Charlottesville’s media have been attacked recently as “inflammatory,” “sensational,” and “misleading.” Among the accusers are Charlottesville High School students — including a group handpicked by principal Bobby Thompson and trotted out for the cameras.
The only problem? If the villain is the Daily Progress, which seems to be the implication— the stories it has published just don’t fit National Enquirer standards of sensationalism.
After several white and Asian UVA students were brutalized by bands of local youths in a series of allegedly unprovoked attacks, police said in a January 29 Progress story the attackers had called out racial slurs to three white victims. The paper also reported that one victim was called “preppy UVA boy.”
On February 2, City Police Lieutenant J.W. Gibson sent out a press release revealing the alleged racial angle. And the Progress quoted Gibson in a story that appeared on February 3: “Assailants did say the victims were chosen on the basis of race.”
Should the Progress have buried these statements about black and white from a man in blue?
By February 21, Progress remorse seems to have kicked in. Under the headline, “Students condemn coverage of attacks,” the Progress ran a story airing student criticisms of the claims of a racial angle.
The Progress followed up the next day with an editorial denouncing “sensationalism” in reporting. Just what sensationalism, the editorial didn’t say, but some Progress reporters took it personally.
Reliable sources say that the normally tranquil Progress newsroom is up in arms over the implication of sensational coverage; they believe the paper is cowering under community and governmental pressure to put a smiley face on an ugly situation.
That most of the alleged assailants are black CHS students, including football star Gordon Lathan Fields, is troubling enough. That former KKK leader David Duke’s outfit, the European-American Unity and Rights Organization, has called for prosecution of the assaults as “hate crimes” hasn’t helped calm the locals.
As early as February 8, the issue had become so heated that City officials called a news conference to play down the idea that the attacks had been racially motivated. Police Chief Tim Longo stressed that it was “premature” to discuss motive.
While an investigation is in process, Longo claims, “I don’t think intent or motive is ever appropriately discussed outside investigative circles.”
Although the information came from his own department, Longo offers this surprising assessment: “I don’t think that should have been reported at all.”
And initial news reports about the arrests notwithstanding, Longo says subsequent stories should wait until Commonwealth’s Attorney Dave Chapman files charges. “Every day for a while,” complains Longo, “there was something in the local print media. It sent shockwaves through this community.”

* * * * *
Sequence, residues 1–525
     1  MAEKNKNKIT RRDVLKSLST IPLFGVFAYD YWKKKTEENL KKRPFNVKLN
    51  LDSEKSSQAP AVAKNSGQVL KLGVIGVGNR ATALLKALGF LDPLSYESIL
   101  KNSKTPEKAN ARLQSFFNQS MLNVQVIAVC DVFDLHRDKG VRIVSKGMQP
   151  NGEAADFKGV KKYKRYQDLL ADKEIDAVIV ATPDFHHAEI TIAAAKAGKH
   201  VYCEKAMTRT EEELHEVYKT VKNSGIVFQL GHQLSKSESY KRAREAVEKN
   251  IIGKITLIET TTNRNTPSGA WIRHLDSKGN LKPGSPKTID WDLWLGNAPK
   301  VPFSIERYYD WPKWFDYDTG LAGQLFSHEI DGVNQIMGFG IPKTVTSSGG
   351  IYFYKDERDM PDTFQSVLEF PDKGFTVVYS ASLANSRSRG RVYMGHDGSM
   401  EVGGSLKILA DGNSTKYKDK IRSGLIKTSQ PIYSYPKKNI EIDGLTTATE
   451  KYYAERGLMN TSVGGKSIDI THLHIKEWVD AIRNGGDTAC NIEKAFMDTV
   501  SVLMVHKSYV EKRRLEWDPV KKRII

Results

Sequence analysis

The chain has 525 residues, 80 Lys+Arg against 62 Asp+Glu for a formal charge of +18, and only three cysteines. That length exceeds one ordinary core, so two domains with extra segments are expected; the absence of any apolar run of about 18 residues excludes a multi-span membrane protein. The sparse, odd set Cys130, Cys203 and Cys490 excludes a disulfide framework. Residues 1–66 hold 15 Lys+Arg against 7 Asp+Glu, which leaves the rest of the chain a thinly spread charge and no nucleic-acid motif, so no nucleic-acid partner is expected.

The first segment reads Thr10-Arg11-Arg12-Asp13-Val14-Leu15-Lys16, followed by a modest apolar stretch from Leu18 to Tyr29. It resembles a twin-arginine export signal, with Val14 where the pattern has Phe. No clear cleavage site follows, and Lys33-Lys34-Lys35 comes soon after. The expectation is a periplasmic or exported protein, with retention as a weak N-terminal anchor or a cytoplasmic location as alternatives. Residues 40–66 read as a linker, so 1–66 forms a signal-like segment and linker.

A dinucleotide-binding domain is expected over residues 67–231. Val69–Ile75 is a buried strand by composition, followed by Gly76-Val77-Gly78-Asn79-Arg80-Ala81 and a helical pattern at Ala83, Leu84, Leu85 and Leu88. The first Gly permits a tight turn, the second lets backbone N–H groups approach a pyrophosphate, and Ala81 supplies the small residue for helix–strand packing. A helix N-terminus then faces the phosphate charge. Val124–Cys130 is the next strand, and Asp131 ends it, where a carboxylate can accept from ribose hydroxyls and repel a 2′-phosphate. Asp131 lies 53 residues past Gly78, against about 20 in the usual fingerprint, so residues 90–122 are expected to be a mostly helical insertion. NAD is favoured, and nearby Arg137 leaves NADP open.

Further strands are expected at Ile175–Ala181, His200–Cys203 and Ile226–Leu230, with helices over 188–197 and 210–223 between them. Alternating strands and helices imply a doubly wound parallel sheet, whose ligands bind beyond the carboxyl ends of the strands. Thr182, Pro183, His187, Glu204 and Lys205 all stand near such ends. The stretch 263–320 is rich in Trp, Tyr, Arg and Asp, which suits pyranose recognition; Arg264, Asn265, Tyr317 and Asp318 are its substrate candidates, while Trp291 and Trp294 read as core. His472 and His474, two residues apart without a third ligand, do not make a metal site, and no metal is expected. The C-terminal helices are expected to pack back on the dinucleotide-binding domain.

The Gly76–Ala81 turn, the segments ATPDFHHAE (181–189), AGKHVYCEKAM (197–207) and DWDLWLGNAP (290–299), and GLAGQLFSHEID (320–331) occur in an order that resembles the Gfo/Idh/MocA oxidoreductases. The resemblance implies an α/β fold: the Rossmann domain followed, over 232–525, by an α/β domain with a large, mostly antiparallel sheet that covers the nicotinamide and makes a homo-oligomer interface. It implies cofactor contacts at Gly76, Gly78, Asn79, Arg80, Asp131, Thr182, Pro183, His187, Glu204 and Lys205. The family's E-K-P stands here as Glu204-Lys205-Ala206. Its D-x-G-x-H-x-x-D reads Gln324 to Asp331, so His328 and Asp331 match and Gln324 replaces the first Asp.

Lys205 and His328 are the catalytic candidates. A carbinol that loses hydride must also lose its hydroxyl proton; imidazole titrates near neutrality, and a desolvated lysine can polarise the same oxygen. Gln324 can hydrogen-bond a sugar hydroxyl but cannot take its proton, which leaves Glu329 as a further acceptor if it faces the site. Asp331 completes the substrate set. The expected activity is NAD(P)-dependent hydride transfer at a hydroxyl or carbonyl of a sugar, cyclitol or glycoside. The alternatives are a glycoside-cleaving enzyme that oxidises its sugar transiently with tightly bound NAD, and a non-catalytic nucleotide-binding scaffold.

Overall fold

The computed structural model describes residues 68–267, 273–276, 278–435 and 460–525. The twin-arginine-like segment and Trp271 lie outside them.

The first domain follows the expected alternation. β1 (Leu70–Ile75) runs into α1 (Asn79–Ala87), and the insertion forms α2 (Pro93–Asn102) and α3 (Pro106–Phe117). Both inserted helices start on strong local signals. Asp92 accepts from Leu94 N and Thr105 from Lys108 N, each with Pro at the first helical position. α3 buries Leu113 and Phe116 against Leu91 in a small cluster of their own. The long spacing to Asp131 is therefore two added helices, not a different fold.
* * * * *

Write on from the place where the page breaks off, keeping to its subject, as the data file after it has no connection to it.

Some of that coverage, however, resulted from conflicting numbers— of attacks, victims, and alleged perps— coming from the police department. On March 4, police revealed there were only nine arrests instead of 10, with one name having been counted twice.
Principal Thompson said CHS students were upset by portrayals in the Progress and on WVIR Channel 29. Thompson has told The Hook that students were concerned about the way the media had depicted the high school— “that we have mobs running up and down the halls jumping on kids and robbing them.” The Hook was unable to find such descriptions in any media reports, however.
So what is sensational coverage? Mayor Blake Caravati says he considers “the Neil Boortzes of the world” to be the “despicable” purveyors of sensationalism. (Boortz is a conservative radio talk-show host heard locally on WINA.)
Caravati says he enjoyed the Progress editorial on sensationalism so much that he called the editor to compliment her— even though, he says, “I think it [the editorial] probably caused a lot of ire for the people that write those stories.”
The Hook asked editorial page editor Anita Shelburne for specifics on allegedly sensational coverage. “Our policy is we don’t cast blame in that area,” answers Shelburne. She says the Progress’ coverage of the attacks was not sensational, and as for whom the editorial was directed to, she says only, “We don’t criticize other media.”
Well, not specifically.
Meanwhile, the community is left to ponder the implications of these blanket complaints about media coverage. Should the press ignore outside groups— most recently, the Anti-Defamation League— demanding action on a local issue? Should the media strike references to the school attended by any alleged assailants? And is the press responsible for writing a positive story about any institution whose members are accused of misdeeds? Most importantly, does the First Amendment require that news coverage soften facts in a story to protect the sensibilities of a community?
Perhaps this passage from the Progress editorial answers the question. “Reporting on issues of public and social concern is what the media do, and rightly so.”